I stepped forward, feeling more spirit than I’d felt in a long while. “Who attacked you?”
“A combination of people,” she said flatly. “I heard that from the thoughts of one of the Weres. Apparently, Freyda, Felipe, and the queen of New York had all decided to share me. Freyda and Felipe couldn’t act directly—on account of the contract they had with you. So the actual force was sent by the Queen of New York. It was dumb luck that the Were I heard had eavesdropped on a meeting between his queen, Felipe, and,” she paused, “your wife.”
I took a step back, my anger hardly containable. I closed my eyes, and I could feel my whole body shaking.
She kept speaking. “I realized that I would never be safe—not from Felipe and not from your lovely queen. No contract—no scrap of paper saying that I would be left alone—would ever be enough. And your sacrifice to give up an additional hundred years,” she laughed ruefully, “was as useless as my own stubborn insistence on having a normal life.”
I felt my knees buckle and I knelt before her, bowing my head.
“I have no weapons. I have no freedom. I have no power. I have nothing but my fangs and my strength, but I will kill Freyda for you.”
“How would you get close to her?” she asked.
“She requests this body several times a week,” I said with detachment. “I am physically stronger than she. In her distraction, I could rip her fucking head off.”
“And after you killed her?”
“Her guards would have reason to end me,” I said evenly. “I have thought of using that method of death for myself before. It is the most satisfying one which is open to me, for Freyda would be killed too. However—at first—I had your freedom and my children’s safety to continue buying. And then,” I paused, “I had a day 199 years from now to cling to.”
“You’ll be free that day,” she said—her tone laced with discontentment.
I was suddenly afraid.
“Will the years of my misery be penance enough for all which I failed to do?” I asked her, hoping against hope that she could give me a different answer than the one I’d come up with every time I’d asked myself that question.
Nothing can undo my failures. Nothing can rewind the world until I reached the beginning of my errors: the moment when I had allowed myself to feel love, despite the fact that Appius could still access my emotions.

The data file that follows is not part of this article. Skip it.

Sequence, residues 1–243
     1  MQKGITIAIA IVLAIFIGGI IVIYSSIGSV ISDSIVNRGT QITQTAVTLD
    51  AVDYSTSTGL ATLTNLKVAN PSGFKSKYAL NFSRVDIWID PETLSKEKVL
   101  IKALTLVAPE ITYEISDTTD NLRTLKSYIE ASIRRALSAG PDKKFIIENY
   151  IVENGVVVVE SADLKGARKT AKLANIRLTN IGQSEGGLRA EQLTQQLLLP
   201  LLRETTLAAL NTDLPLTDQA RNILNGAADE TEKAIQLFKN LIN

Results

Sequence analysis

What a fool I’d been! And how many had died for my selfishness? Pam, Karin, most of the people that Sookie held dear, and—also—Sookie herself. She’d once begged me not to turn her. She’d once made me promise that—even if she were dying—I would refrain. No matter how many times I’d fantasized about making her my child and living an eternity with her, I knew that I would have never done it. And that fact alone should have been reason enough for me to never pursue her.
I’d decided after the ill-fated trip to Jackson that I would no longer see Sookie. She’d made it easy by rescinding my invitation. But I knew that my separation from her would be for the best. When I’d told her I hated having feelings, I’d not told her why. It was because of Appius—always the threat of Appius coming to find a way to take good things from me. That is why I’d always tried to keep my feelings “light”—almost casual—with Pam, though I loved her deeply. I’d allowed myself to feel my love for my first child more “intensely,” but I’d felt Appius nearing, so I’d created conflict with Karin, and we’d parted because of it. Appius had, therefore, not met her.
Without my child to toy with, Appius had used me—as always. He’d felt my true sorrow over separating from Karin. He’d been satisfied that I was not too happy—not too content. And he’d moved on from me.
For years, I’d waited for the other shoe to drop with Pam. But—again—I’d kept my feelings “light.” I’d let myself feel amusement at her antics. I’d spoiled her in order to set up more of a “father-daughter” dynamic between us. And—I had made sure that we parted from each other periodically, just so that Appius wouldn’t determine me to be too “attached.” I’d also moved to the New World in order to put further distance between my maker and myself, hoping that would help to obscure my emotions from him.